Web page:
There could be tactical reasons for the Indian silence on the Israeli media’s claim that no less than Prime Minister Benjamin Netanyahu had spoken of a revival of India’s plans to procure Spike anti-tank guided missiles from his country, yet that could be the biggest “take away” from his trip to this country. For the recent decision to cancel the Rs 3,200-crore deal for some 1,600 units of the fourth-generation hand-held missile had threatened to sour the bilateral military relations.

Certainly it would bring considerable financial gain for its producer, Rafael Advanced Defence Systems Ltd. A top official from the firm had been part of the Netanyahu delegation, and he would be thrilled with what the Israeli media hailed as a “major strategic achievement”. While details of the revised deal are yet to be finalised ~ numbers, prices, technology transfers etc. ~ the Indian army would welcome being equipped with one of the world’s most reputed weapons system in its class.

Israel has grown to become one of the top suppliers of defence equipment to India, and success in resurrecting a purchase that appeared to have been shelved a couple of weeks ago could trigger greater cooperation: particularly welcome if it meant a transfer of technology and triggered the possibility of an Israeli firm being selected for a massive order to supply modern rifles/carbines ~ the purchase of which has just been cleared. There are few political strings attached to the acquisition of arms from Israel, except the likelihood of “Arab Street” viewing it as further evidence of a shift in Indian policy under the present government.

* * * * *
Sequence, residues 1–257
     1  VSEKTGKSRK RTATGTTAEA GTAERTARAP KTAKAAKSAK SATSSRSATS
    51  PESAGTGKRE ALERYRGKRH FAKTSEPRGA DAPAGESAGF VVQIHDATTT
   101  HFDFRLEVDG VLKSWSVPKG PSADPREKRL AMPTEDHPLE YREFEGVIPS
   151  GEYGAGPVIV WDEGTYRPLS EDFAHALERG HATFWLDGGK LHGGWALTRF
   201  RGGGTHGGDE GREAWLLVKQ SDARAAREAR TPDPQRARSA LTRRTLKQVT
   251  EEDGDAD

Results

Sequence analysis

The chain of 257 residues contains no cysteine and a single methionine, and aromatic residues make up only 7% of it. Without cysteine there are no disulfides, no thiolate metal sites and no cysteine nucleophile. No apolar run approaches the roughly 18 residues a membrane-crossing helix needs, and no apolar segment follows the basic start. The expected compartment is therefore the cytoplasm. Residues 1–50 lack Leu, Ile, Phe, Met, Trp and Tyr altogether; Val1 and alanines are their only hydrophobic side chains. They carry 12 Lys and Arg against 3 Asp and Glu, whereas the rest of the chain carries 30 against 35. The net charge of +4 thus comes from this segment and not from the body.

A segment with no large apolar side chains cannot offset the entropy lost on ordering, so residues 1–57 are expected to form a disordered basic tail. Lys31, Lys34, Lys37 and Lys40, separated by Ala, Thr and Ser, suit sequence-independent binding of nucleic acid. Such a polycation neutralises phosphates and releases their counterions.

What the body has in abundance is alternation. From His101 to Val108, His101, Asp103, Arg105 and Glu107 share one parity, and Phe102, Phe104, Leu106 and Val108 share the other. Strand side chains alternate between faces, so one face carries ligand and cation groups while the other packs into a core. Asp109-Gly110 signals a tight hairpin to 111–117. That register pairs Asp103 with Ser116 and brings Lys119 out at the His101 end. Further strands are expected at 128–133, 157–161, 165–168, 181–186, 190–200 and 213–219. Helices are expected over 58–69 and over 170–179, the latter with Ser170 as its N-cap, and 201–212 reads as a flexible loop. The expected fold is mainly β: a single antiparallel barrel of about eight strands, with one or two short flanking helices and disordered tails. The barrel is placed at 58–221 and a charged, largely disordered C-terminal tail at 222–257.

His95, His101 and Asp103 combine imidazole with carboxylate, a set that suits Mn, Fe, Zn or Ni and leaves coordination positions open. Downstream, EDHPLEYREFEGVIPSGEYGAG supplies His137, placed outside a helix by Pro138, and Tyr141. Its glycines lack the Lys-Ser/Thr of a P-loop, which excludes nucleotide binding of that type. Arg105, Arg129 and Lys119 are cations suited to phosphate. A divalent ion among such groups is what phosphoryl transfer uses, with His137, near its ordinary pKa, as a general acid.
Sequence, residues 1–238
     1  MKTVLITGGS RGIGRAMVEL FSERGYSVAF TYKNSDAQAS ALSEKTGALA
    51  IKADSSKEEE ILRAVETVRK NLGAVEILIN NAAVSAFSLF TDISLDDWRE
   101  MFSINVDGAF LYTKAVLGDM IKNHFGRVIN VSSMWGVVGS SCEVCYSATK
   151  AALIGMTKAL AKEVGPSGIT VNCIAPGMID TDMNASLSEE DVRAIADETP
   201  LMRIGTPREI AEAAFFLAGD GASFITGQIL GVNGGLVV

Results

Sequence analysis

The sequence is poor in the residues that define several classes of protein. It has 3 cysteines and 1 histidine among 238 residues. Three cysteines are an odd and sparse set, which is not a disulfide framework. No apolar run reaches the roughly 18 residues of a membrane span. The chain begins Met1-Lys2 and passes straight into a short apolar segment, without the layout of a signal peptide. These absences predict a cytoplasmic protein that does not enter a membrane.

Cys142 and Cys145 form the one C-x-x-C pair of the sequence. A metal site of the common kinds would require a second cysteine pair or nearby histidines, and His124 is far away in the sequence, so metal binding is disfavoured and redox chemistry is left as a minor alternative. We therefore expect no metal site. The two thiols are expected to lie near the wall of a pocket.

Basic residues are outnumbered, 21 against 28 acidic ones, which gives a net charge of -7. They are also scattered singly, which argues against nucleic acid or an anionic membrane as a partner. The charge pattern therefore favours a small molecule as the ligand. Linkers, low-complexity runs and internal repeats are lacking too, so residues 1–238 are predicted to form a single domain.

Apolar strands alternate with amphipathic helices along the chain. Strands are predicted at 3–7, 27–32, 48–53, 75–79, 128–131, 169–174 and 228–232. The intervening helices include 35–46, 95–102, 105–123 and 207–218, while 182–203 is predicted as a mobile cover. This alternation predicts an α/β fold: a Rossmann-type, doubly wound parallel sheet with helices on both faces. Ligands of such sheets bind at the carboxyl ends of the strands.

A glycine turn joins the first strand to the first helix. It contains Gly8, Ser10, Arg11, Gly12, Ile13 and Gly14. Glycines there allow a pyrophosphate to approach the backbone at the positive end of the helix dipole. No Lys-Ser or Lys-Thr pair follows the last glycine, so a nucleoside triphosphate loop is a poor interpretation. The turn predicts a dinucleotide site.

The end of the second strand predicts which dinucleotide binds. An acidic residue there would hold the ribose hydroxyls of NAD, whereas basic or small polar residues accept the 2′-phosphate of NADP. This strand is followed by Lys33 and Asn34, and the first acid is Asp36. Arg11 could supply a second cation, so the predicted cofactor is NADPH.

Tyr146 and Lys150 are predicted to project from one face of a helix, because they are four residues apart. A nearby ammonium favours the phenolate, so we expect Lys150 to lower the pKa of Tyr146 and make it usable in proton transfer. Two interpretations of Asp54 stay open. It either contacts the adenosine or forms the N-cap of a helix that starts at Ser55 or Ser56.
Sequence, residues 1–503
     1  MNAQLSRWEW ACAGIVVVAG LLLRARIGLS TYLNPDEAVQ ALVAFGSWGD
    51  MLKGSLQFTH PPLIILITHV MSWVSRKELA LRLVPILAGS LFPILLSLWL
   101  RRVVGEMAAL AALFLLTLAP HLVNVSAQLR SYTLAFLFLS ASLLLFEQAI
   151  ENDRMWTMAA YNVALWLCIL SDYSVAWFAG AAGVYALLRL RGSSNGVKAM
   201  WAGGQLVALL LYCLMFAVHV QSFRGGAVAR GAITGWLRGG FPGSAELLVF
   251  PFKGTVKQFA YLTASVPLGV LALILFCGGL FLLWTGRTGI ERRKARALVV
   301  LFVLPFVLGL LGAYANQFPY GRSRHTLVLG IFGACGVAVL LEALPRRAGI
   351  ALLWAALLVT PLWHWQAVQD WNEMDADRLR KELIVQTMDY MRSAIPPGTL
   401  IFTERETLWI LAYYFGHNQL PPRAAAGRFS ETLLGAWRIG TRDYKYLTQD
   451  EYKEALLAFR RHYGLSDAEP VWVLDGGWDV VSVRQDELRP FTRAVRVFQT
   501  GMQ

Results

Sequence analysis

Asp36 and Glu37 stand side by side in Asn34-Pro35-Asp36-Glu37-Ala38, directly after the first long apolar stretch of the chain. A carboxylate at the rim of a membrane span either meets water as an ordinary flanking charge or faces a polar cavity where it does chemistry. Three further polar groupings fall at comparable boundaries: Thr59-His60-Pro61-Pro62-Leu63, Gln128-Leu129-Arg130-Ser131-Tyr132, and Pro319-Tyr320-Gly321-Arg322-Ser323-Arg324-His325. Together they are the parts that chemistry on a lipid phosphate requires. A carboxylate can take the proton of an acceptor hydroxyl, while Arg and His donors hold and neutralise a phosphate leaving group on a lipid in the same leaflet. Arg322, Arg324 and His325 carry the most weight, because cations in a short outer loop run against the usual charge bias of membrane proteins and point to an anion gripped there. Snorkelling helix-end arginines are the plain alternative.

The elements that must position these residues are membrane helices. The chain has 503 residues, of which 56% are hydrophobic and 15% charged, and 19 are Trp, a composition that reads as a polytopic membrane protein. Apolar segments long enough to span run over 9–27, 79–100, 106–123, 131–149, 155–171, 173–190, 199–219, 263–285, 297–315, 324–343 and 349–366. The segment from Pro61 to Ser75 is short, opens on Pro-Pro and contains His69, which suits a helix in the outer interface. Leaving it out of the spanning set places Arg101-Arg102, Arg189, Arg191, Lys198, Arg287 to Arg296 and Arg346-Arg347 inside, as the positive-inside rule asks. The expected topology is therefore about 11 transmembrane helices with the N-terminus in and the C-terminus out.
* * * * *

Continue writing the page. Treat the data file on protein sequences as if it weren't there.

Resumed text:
There would be negative interpretations of the Israeli reports for the domestic industry, particularly the research and development organisation. Until these reports appeared it seemed to have convinced the defence ministry of the quality and cost-effectiveness of an Indian anti-tank missile system. And to a large extent its efforts might have been “spiked”. Sadly, for all the fanfare accorded to the Indigenous Missile Development Programme its “bread and butter” weaponry has not been able to withstand foreign “pressure” once the Missile Technology Control Regime ceased to be in force against India. Humble pie may now have to be eaten and a role sought in the domestic production of the Spike.

That role could increase given the present thrust on “make in India”, in fact home-built weaponry in partnership with foreign firms might be the best way forward provided the indigenous component of the arrangement goes beyond mere licensed production. The Indian soldier deserves the best weaponry the nation’s finances permit, his patriotism must not be seen to include weapons of less than top quality simply because they are Indian-made. That is an obsolete requirement, a hangover from the days of “socialism”. Warfare equates with the survival of the fittest: that applies to the defence industry too, not just the soldier.